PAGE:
Dwelling House Savings and Loan, a 119-year-old thrift, was shut down by federal regulators on Friday August 14th. The small thrift was said to have had only about $13.8 million in deposits. Federal regulators have been concerned about account security at Dwelling House Savings & Loan for several years.
The S&L suffered a severe blow to its viability late in 2008 when federal auditors uncovered that around $3 million had been electronically drained out of its capital account and that the bank was actually operating with $500,000 in a negative equity position. The cyber theft equated to 21.7 percent of the S&Ls deposit assets.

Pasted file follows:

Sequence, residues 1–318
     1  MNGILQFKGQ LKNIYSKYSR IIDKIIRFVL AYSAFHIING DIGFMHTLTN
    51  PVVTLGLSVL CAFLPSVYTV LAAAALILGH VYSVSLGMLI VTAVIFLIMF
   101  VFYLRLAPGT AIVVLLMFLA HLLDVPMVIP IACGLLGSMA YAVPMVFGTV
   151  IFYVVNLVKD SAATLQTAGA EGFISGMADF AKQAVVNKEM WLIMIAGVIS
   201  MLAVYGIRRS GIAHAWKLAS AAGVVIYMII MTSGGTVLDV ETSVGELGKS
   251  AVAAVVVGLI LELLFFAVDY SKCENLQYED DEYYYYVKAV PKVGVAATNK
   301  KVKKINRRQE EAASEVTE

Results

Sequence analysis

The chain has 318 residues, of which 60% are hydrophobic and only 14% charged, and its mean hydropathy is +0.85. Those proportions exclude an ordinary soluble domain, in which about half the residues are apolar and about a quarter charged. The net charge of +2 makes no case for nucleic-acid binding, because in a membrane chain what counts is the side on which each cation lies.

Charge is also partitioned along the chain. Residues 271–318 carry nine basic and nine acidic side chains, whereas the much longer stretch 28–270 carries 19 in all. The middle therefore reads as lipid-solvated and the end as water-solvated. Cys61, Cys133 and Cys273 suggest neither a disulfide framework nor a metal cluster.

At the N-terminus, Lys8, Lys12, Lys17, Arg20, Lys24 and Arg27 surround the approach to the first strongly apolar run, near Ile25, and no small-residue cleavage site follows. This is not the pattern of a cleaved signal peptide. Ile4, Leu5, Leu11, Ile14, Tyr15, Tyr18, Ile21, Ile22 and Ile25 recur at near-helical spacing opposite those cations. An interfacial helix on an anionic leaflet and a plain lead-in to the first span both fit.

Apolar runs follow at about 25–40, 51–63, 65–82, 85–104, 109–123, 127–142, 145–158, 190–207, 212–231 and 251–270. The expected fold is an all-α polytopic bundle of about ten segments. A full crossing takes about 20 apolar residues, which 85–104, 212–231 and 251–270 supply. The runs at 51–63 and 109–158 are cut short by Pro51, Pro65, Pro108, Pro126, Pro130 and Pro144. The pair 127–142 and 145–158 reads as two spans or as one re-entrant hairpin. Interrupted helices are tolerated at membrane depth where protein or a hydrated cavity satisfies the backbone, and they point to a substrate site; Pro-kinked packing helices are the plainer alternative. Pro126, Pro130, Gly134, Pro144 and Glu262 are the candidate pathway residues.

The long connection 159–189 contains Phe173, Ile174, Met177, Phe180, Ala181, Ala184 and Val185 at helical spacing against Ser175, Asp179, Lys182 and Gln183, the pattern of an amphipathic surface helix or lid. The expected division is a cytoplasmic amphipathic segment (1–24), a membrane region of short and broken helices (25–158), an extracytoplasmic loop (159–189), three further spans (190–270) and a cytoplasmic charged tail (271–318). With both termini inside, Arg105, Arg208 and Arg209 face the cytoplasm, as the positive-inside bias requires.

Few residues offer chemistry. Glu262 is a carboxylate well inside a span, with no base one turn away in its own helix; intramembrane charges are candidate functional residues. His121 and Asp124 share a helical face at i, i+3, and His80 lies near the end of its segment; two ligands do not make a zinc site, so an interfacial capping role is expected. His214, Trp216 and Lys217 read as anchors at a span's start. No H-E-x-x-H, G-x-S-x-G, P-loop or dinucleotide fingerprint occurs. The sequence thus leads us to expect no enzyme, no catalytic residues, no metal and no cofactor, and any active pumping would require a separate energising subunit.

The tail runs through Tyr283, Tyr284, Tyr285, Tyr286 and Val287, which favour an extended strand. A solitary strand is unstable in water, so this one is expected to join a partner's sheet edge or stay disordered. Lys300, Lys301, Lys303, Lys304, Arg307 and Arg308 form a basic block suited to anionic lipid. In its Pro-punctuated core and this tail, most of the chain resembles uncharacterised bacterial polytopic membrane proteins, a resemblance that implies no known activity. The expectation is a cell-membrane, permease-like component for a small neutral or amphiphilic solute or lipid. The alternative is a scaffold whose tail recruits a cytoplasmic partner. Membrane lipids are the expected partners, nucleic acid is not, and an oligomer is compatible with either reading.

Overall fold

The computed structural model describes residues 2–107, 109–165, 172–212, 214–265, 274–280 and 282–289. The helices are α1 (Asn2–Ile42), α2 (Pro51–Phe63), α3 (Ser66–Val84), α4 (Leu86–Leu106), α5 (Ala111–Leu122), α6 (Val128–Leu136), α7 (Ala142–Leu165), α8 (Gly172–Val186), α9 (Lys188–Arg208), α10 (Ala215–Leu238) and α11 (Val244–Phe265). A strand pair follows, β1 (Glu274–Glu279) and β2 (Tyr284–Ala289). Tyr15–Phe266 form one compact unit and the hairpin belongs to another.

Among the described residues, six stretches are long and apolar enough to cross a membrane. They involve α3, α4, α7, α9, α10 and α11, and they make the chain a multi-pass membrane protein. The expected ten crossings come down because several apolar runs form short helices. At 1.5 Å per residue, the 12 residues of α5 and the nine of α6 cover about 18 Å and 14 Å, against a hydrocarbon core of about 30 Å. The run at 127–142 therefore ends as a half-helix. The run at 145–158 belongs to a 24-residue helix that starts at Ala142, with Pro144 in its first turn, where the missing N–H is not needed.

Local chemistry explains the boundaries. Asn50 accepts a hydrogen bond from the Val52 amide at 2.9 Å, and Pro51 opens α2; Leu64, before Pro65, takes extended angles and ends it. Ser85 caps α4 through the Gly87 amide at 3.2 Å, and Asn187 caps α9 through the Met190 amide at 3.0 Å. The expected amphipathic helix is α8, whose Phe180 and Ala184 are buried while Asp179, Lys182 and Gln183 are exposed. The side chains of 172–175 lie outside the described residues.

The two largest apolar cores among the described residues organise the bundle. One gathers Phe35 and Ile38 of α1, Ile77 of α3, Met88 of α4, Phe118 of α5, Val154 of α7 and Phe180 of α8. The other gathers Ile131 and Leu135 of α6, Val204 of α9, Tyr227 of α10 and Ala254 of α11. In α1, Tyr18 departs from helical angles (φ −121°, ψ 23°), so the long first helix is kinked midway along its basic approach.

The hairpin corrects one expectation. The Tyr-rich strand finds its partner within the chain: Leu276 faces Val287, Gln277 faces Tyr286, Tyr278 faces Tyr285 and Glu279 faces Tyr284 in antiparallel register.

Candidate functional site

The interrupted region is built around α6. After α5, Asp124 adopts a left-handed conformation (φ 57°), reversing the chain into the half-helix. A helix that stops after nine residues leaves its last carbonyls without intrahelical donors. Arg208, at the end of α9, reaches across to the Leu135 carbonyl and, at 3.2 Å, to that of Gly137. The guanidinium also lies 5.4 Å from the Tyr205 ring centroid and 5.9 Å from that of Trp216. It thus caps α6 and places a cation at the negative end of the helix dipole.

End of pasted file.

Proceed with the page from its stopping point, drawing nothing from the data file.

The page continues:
According to bank officers, cyber thieves (10 to 12 individuals) were behind the heist via electronic bank transfers that are now being given as the biggest reason the institution became insolvent and ultimately failed. Bank officers blamed the heavy losses on the work of a ring of cyber thieves. Pittsburgh police and FBI agents are investigating the case.
We looked at the FBIs Q4 2008 Bank Crime Statistics report which identified 29 robberies of Savings and Loan Associations. In the details that describe the specific ways the crimes were committed (armored car, vault, safe teller etc) did not have a category for cyber/electronic.
It should be noted that the S&L was said to have had other issues. That is clearly evidenced by officers of the organization being fined about $10,000 in the past weeks by the Office of Thrift Supervision. The reason was said to be for failing to implement anti-money-laundering measures and internal controls that was ordered by the OTS back in 2006.
Could this be SilentBanker? At this point the exact attack modality is unknown. But this could be evidentce of a growing trend -- only time will tell.